Archive for Medical Anthropology

Episode 23 Psychiatric Culture Clashes with Dr. Beatriz Reyes-Foster

Dr. Beatriz Reyes-Foster (photo courtesy of Dr. Reyes-Foster)

Medical Anthropologist Dr. Beatriz Reyes-Foster returns, this time to discuss her experiences researching a psychiatric hospital in Mexico, looking at how culture shapes the diagnoses, care, and outcomes of mental illness.

How is mental illness cultural? Medical Anthropologists have long demonstrated how a phenomenon categorized as a disorder, like schizophrenia, is understood and experienced very differently from culture to culture. How the illness is viewed in society, what support structures are available, and which ideologies dominate, such as individuality or the importance of family, all play roles in how a person with illness is treated. When these circumstances are situated in a location where the history of colonialism continues to dominate the lives and identities of indigenous patients, what is often narrowly defined as mental health becomes an issue of national economic, race, and identity systems.

Dr. Reyes-Foster documents how staff at a mental hospital in the Yucatan in Mexico struggle to be human in inhumane conditions, which are set from on high at a governmental level, the results of contemporary politics and the long-standing impacts of colonialism.

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Episode 12 Friendship Beyond Dementia – the Anthropology of Aging with Dr. Janelle Taylor

Dr. Janelle Taylor (Photo courtesy of Dr. Taylor)

Dementia changes not only memory but identity and social roles, as well. As the fabric of who we are changes shape, our culturally-inscribed ideas about aging, personhood, and health can influence whether we experience aging as crisis or whether we develop new aspects of ourselves.

Medical Anthropologist Dr. Janelle Taylor, a professor of anthropology at University of Washington, explores aging as a cultural phenomenon, made easier or harder depending on our expectations of friends and families and our beliefs about what makes us a person. In particular, Dr. Taylor researches how successful friendships adapt in the face of dementia and why those relationships are crucial to patients and their family caregivers.
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Episode 2 Breast Milk Sharing and “Good” Mommies with Dr. Beatriz Reyes-Foster

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Dr. Beatriz Reyes-Foster Assistant Professor, Socio-Cultural Anthropology University of Central Florida

Human breast milk has become a hot commodity in the U.S., and parents have become creative in networking among moms who have milk to spare. Yet health officials, who continue to promote the standard that “breast is best”, are characterizing informal milk sharing as dangerous and risky; a depiction based not in fact but in assumption and a desire to control the circulation of this “liquid gold”.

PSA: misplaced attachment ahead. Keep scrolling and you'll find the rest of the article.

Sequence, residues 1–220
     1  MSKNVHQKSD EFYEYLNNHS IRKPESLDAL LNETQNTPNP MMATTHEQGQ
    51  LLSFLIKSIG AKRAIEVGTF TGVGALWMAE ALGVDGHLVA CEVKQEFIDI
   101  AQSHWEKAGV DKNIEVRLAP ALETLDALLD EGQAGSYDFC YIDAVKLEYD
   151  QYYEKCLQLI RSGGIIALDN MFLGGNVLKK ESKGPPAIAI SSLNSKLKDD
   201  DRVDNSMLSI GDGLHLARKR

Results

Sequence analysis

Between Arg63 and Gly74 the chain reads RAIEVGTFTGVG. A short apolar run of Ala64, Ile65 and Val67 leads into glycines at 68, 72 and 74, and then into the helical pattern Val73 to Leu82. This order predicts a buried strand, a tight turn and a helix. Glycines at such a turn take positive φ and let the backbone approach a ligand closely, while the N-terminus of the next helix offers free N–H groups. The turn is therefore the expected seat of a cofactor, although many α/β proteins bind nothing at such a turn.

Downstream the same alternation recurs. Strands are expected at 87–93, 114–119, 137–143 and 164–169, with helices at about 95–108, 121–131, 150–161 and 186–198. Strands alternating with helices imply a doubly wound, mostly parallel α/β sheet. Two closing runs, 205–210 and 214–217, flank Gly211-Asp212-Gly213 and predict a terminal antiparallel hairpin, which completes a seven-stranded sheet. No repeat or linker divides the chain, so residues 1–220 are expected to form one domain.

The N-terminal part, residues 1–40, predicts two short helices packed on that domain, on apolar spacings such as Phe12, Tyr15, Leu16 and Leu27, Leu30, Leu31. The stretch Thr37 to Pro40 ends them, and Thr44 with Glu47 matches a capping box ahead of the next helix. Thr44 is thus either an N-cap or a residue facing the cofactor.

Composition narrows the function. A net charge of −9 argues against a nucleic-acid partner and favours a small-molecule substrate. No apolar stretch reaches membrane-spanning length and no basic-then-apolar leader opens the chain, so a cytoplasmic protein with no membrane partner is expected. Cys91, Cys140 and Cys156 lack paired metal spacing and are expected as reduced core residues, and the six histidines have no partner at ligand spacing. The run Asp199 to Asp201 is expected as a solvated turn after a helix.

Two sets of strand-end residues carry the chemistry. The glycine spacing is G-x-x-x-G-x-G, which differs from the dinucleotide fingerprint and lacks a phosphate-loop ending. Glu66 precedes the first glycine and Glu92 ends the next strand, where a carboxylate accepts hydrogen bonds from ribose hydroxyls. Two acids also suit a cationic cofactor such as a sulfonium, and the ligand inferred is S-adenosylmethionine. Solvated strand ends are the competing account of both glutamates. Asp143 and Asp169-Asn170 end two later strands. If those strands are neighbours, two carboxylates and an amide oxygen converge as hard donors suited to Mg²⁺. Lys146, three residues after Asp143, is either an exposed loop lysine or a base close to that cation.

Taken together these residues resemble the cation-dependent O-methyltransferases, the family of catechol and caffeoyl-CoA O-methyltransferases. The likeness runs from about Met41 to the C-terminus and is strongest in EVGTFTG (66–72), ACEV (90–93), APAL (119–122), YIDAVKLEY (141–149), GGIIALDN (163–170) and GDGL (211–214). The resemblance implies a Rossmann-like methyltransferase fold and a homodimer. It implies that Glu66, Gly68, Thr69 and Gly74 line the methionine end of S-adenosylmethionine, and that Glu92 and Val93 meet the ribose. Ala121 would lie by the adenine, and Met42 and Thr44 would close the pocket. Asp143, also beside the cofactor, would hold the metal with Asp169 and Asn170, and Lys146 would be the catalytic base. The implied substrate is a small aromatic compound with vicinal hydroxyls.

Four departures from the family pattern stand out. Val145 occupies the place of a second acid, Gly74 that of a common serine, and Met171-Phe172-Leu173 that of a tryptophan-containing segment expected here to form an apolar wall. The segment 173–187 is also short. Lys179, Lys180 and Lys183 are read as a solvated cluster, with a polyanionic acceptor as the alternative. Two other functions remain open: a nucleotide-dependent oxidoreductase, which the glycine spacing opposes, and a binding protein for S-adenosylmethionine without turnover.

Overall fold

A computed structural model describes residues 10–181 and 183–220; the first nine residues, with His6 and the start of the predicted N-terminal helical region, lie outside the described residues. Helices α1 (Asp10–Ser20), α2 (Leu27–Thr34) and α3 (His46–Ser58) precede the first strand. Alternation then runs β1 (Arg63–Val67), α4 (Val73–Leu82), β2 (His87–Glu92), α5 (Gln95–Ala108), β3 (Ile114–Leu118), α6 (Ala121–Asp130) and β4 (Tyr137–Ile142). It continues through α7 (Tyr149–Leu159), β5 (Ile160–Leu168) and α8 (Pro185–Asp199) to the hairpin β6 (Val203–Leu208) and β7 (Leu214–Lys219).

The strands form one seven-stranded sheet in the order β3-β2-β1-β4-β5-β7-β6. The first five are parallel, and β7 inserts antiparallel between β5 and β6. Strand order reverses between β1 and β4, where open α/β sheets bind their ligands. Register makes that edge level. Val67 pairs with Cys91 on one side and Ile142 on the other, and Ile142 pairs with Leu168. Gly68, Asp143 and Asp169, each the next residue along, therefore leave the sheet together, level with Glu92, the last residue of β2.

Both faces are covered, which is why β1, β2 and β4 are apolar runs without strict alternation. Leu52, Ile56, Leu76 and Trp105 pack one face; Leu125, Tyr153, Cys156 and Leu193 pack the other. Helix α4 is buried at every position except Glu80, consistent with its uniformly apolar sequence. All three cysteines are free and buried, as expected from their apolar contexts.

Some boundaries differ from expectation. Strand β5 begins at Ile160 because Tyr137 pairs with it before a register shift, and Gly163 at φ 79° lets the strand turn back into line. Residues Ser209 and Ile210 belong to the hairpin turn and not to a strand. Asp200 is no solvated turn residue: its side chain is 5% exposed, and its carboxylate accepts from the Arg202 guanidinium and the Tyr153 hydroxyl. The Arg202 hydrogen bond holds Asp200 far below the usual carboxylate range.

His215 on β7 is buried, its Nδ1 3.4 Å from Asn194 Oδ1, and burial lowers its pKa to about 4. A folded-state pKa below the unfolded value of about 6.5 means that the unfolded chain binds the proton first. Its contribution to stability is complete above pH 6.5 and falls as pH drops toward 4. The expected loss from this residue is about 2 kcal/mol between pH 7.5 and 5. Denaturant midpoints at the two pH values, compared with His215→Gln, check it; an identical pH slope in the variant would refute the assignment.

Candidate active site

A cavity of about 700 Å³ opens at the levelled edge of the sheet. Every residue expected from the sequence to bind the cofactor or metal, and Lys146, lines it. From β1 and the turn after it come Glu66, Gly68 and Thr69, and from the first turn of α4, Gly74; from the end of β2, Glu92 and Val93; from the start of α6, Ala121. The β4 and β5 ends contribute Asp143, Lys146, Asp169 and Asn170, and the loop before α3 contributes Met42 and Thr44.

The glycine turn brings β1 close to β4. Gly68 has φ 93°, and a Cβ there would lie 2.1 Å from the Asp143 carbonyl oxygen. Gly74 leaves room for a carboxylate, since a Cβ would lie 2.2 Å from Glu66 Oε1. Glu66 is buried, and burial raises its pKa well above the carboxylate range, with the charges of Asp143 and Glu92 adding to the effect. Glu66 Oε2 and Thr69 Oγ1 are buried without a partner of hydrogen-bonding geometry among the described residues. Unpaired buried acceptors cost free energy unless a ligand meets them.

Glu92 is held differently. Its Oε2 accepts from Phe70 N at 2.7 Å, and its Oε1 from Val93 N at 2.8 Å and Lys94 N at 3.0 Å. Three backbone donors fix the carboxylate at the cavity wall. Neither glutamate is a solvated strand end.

In this episode, I talk to medical anthropologist Beatriz Reyes-Foster, a professor at the University of Central Florida. Dr. Reyes-Foster explains the new forms milk sharing is taking today, how “peer breast milk sharing” is rooted in a lack of support for new parents, and why we need to pay careful attention to the moralities hidden in how milk, moms, donors, and sharing practices are being discussed by health professionals.
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Episode 1 Anthropology Beyond Indiana Jones with Dr. Angela Jenks

Dr. Angela Jenks, Asst. Teaching Professor at UC Irvine (photo courtesy of Angela Jenks)

From Indiana Jones to Bones to that graduate student kidnapped by pirates on Archer, there are many different representations of anthropology in pop culture, but what do real anthropologists do?

Anthropology is the study of what it means to be human. Which means that anthropologists study pretty much everything, including politics, art, medicine, religion, and our relationship with the environment. Some anthropologists take us into communities that are intensely different—ones we may not even know exist—and help us understand them from the inside. Other anthropologists use those same methods to get us to question the familiar—what feels normal to us, and why doesn’t it feel the same way to others?

In this first episode of The Anthropologist on the Street podcast, I have invited Dr. Angela Jenks to explain what anthropology is and why it is important. Dr. Jenks is an anthropologist at the University of California, Irvine, a recipient of an award for excellence in teaching, and the first Teaching “Scholar-in-Residence” for the prestigious journal Cultural Anthropology. She talks to us about humanity, culture, and the paradox of being an American and an anthropologist, where we collectively share a culture of individuality.
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